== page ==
Disabled women talk about what they bring to medicine

By Louise Kinross

A 2021 study in Health Affairs revealed a shocking degree of disability bias in medicine. Over 80 per cent of 712 American doctors didn’t think it was possible to live well with a significant disability, and 60 per cent didn’t feel equipped to provide the same care to a disabled patient that they give other patients.

Last year, 80 per cent of 44 fourth-year medical students in this Disability and Health Journal study rated their education on disability as inadequate. They also reported less comfort with taking a patient history, doing a physical exam, and making a differential diagnosis when working with people with disabilities.

So it was a breath of fresh air to listen to this panel of seven disabled women doctors last month—including Dr. Paige Church, a neonatologist and developmental pediatrician who used to work in Holland Bloorview’s spina bifida clinic, and is now at Boston Children’s Hospital.

These women, featured on the Doctors With Disabilities podcast, are pioneers.

They talked about when they did, and didn’t, disclose their disabilities; how to find a supportive work environment; inappropriate comments from professors and peers; being denied an accommodation; how they rely on each other; and how their personal experience with disability and using the health system benefits patients.

One story that stuck out happened to Dr. Jennifer Arnold, who is a neonatologist who works in simulation training at Boston Children’s Hospital. She has skeletal dysplasia and mobility issues. Earlier in her career she was getting credentialed in another hospital and was assigned to work in the service delivering babies.

She requested $30 step stools in each delivery room to accommodate her short stature. The medical director e-mailed to let her know that “the institution is not willing or able to purchase and or maintain step stools in the delivery room, so we won’t be able to have you do delivery room service… I kind of thought is that something that’s legally even allowed in this day and age? I’ve clearly already been practising and done delivery room service and had step stools available…’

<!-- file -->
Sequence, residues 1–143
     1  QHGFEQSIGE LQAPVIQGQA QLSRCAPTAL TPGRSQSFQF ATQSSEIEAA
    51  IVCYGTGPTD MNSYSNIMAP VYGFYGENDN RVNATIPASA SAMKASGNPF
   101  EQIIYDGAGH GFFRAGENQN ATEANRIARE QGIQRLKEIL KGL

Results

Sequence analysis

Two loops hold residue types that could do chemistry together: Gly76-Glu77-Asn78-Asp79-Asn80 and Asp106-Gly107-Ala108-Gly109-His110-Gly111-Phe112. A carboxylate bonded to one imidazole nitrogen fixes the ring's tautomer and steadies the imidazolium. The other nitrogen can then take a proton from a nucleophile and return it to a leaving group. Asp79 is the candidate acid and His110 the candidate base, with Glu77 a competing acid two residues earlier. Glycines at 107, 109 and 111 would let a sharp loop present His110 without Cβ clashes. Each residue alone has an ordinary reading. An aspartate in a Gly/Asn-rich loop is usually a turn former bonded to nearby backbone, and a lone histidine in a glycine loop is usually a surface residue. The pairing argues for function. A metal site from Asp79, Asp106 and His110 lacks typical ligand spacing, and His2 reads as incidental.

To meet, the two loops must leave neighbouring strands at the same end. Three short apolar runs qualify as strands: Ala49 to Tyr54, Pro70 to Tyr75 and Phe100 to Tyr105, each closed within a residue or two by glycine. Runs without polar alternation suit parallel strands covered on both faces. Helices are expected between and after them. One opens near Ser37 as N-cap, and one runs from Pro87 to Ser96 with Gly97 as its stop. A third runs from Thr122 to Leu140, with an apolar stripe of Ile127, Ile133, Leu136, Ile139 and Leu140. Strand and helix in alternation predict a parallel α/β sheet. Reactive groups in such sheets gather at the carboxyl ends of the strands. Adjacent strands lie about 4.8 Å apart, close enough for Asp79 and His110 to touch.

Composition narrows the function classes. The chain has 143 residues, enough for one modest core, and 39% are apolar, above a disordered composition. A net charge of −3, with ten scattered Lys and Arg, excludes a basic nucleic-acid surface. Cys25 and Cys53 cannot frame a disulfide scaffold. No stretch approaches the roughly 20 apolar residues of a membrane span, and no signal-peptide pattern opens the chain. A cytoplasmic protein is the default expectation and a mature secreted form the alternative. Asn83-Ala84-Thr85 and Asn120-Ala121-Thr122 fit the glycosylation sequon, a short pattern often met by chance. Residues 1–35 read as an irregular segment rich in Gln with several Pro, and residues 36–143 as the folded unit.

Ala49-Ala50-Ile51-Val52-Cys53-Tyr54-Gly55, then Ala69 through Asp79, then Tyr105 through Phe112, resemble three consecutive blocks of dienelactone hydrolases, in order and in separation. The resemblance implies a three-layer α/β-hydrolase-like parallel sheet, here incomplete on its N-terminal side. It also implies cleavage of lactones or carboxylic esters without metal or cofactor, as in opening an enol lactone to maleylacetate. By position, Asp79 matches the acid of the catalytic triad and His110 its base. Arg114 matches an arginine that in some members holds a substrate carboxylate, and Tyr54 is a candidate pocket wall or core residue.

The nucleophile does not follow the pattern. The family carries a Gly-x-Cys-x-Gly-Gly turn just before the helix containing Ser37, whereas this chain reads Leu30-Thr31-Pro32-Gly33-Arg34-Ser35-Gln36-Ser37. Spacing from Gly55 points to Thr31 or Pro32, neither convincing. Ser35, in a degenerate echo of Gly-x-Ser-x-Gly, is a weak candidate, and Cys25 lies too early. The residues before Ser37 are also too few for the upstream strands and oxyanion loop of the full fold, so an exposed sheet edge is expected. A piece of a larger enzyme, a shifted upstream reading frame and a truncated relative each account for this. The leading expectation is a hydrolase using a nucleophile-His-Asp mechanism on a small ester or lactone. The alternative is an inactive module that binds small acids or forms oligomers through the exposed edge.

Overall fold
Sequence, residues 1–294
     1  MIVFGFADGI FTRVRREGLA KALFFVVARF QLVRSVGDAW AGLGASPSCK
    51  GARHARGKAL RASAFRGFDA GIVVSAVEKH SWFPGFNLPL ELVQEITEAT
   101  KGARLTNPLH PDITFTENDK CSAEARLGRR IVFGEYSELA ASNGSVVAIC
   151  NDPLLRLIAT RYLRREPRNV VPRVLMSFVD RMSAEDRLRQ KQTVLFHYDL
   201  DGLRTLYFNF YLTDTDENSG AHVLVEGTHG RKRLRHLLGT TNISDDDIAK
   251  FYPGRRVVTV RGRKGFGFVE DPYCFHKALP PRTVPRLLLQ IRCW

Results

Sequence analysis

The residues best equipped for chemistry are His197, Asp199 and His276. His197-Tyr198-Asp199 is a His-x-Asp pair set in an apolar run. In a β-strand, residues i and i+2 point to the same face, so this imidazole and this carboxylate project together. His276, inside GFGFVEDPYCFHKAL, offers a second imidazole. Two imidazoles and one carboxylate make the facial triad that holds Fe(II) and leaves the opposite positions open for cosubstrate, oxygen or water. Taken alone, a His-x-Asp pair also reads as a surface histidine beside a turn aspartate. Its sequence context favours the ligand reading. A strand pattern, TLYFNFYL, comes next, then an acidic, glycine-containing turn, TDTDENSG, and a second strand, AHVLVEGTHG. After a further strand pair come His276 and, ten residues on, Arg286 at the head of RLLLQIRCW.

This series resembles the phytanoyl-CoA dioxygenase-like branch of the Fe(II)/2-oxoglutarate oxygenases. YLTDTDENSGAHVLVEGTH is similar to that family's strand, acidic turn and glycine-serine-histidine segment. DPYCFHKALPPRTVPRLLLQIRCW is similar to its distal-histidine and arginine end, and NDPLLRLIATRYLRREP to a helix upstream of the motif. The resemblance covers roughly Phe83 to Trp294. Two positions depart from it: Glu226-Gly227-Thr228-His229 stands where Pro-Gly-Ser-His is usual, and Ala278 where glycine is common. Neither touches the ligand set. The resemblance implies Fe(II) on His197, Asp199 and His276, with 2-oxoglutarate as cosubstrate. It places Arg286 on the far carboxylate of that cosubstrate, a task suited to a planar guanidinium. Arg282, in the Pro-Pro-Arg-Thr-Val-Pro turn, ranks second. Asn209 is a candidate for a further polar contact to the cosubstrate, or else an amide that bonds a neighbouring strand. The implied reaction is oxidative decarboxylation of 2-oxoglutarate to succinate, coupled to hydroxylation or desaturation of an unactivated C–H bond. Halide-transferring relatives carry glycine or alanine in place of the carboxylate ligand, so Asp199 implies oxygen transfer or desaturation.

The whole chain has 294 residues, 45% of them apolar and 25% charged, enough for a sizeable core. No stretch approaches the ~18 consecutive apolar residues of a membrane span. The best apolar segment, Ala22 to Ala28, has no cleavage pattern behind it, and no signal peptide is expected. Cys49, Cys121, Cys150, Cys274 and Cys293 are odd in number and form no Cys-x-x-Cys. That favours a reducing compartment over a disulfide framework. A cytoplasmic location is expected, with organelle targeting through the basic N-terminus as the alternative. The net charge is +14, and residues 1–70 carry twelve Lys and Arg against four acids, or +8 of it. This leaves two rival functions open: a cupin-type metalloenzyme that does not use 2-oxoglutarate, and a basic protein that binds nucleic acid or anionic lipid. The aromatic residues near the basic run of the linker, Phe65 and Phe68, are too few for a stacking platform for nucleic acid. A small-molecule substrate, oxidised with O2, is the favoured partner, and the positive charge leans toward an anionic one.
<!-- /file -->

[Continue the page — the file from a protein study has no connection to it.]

It took three months, but she eventually got the hospital to purchase the step stools. She learned a lot in the process, but chose to leave the organization. “…My leadership didn’t even advocate for me on behalf of the hospital,” she said.

The doctors on the panel spoke about the value of their experience with disability and as someone who relies on health care. “I didn’t know anyone else who was a little person who was a physician when I was applying,” Dr. Arnold said. “And I really feared that maybe I wouldn’t be good enough or I wouldn’t contribute enough.”

But over the years she learned “there is so much we offer our patients from our perspective, from our lived experiences as individuals with disabilities… I’ve seen connections made with patients that others couldn’t [have made], and opportunities to have an impact…maybe differently or even better than others who may not have gone through similar life experiences.”

Dr. Church said the doctors’ experiences receiving health care “make our conversations with our patients richer, and more real…”

This is a must listen! Check out the podcast, or read the transcript.

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